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DIN Settings

 Poster: A snowHead
Poster: A snowHead
IanTr wrote:
....If conditions are right and I’m in the mood then I probably adopt “type III” behaviour for the odd run. That gives a chart setting of 8....

Does it? I would have thought it would only be equivalent to Jon ignoring the age adjustment, so still come out at 6.5.

To get to 8 you probably need to both ignore the age adjsutment and adopt "Type III" skiing. The one row age adjustment broadly recognises that average age say 65 skiers are not as fit, and their joints are not as flexible, as average age say 35 skiers. Only you know if you are still as fit as at 35, but with a failing knee I would be erring on the side of caution.
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 Obviously A snowHead isn't a real person
Obviously A snowHead isn't a real person
.


Last edited by Obviously A snowHead isn't a real person on Thu 7-03-19 15:18; edited 1 time in total
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 Well, the person's real but it's just a made up name, see?
Well, the person's real but it's just a made up name, see?
Thank you all for your thoughts. The age adjustment is (I think) a bit of a given! I’m not sure where caution lies though - too low a setting is probably as dangerous as too high. I wouldn’t like to lose a ski at speed.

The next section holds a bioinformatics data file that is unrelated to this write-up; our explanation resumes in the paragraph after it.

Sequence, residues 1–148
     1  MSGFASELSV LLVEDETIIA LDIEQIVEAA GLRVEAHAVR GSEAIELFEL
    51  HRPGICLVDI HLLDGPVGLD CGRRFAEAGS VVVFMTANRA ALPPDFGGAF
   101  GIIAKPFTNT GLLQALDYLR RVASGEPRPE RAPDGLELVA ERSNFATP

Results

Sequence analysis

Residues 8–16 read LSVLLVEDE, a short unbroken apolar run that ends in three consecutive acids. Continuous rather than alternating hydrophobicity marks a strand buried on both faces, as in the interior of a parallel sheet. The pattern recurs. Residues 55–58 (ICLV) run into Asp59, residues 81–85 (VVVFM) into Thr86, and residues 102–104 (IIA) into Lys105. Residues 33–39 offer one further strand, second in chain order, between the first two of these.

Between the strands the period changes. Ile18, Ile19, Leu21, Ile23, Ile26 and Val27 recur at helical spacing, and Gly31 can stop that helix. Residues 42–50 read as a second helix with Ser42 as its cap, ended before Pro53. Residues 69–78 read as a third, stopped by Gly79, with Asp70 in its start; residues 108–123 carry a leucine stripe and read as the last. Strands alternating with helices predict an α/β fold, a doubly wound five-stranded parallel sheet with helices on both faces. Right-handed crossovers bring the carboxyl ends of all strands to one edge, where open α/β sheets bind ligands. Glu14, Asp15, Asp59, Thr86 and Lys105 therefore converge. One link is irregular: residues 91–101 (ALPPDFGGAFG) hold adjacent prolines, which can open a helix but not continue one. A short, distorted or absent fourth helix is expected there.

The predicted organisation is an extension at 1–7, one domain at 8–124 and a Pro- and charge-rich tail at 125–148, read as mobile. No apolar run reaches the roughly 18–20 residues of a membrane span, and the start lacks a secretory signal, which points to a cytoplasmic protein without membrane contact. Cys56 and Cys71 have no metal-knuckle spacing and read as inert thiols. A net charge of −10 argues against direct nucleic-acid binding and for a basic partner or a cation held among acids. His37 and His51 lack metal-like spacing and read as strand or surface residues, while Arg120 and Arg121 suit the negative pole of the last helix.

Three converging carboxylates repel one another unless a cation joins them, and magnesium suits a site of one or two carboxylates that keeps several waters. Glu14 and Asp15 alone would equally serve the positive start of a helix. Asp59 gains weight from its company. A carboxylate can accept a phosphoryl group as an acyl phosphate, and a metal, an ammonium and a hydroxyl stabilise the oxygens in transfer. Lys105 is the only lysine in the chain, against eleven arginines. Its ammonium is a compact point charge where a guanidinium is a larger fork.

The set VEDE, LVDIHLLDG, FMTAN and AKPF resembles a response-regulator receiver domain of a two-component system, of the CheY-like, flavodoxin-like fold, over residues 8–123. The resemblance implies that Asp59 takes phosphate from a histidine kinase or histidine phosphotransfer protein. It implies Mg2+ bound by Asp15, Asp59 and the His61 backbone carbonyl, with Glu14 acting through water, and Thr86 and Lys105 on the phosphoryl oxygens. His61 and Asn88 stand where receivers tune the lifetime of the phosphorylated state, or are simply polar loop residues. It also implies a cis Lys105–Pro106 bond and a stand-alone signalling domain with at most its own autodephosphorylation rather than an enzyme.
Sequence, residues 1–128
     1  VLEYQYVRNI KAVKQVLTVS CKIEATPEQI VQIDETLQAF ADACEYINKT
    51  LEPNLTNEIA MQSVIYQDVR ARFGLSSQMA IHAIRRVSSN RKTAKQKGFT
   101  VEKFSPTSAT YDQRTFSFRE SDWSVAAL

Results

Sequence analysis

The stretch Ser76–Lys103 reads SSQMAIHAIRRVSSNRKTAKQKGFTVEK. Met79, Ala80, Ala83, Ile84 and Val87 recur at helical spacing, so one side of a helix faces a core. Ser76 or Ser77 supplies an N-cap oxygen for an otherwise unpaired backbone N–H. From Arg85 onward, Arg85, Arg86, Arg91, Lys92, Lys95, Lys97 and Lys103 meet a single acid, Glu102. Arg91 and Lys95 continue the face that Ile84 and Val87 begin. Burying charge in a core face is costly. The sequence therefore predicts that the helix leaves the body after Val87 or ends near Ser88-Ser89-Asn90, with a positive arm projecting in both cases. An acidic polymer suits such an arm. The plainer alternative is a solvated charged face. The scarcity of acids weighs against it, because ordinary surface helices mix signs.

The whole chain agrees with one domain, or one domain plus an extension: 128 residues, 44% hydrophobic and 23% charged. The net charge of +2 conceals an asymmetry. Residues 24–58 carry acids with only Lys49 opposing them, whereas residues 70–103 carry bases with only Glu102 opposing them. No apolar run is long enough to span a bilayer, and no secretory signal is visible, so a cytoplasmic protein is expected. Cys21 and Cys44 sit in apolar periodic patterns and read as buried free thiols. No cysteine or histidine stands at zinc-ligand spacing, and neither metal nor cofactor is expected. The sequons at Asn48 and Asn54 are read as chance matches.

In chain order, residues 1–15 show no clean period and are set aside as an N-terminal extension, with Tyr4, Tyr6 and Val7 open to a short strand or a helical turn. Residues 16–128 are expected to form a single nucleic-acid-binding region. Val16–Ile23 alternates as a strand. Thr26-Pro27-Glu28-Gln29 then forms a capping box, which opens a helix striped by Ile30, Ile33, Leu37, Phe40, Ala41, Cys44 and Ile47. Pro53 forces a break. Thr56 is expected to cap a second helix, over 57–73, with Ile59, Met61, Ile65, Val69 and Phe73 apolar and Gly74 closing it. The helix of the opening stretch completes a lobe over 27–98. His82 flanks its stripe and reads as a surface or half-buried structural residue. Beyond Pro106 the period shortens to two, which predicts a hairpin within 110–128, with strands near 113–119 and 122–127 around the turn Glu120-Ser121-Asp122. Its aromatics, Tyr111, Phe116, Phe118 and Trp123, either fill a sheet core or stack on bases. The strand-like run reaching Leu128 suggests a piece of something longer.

Using http://www.mechanicsofsport.com/skiing/equipment/bindings/din-calculator.html I get:

______50+ 50-
Type II 6.0 6.5
Type III 6.5 8.0

I think I’m going to stick with 7 for now. I haven’t problems with that in the past, and it’s in the middle of the range that I occupy if >50/Type II comes out as a 6 and <50/Type III comes out as 8.

Edited to try to fix formatting problems caused by the conventional symbols for “less than” and “greater than”..!
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 You need to Login to know who's really who.
You need to Login to know who's really who.
Scooter in Seattle wrote:
Steilhang wrote:
@Scarpa, I really don't understand this. I have my bindings set at 6.5 and never have any unwarranted releases. I ski fast in all types of terrain*. Why do others need to have their bindings set so high?

*but don't have any air time!

Here's my answer to your question about why others set bindings high: I'm 62, 1.9m and 86kg. I used to race and I ski with a bunch of ex-DHers. I'm still at 8.5 DIN. If I crash I'll still release, but otherwise I need to stay in when its getting choppy and I'm flying. Eventually I know I'll start slowing down a bit and will dial 'em back in proportion. I've asked a bunch of shop guys and nobody really ever has an answer about age-related DIN-dialback. Lawyers may have something to do with that. Not saying everybody should do it my way. Safety first, and I think its safer for me to stay in.



Also, it's not all about speed but more about your style of skiing and your method of engaging edges. I ski with ex racers (they are amazingly fast) and still consider myself pretty much a punter compared with their levels but spending all my seasons in the Alps I sometimes get over 80 days skiing per year. I sometimes (when I f*ck it up) get rebound on FIS SL skis that bounces me into the air... landing into an opposite turn does need a fairly high DIN seting otherwise the ski can just pop off. Get onto race GS skis and you also get really high forces transmitted to the bindings. My off piste skis are set lower, in fact as low as I can go without them popping off on landings. For me this means 9 to 9.5 for off piste even though I'm now 51. It' not often I crash on piste skis... off piste is a very different matter as I like to play around.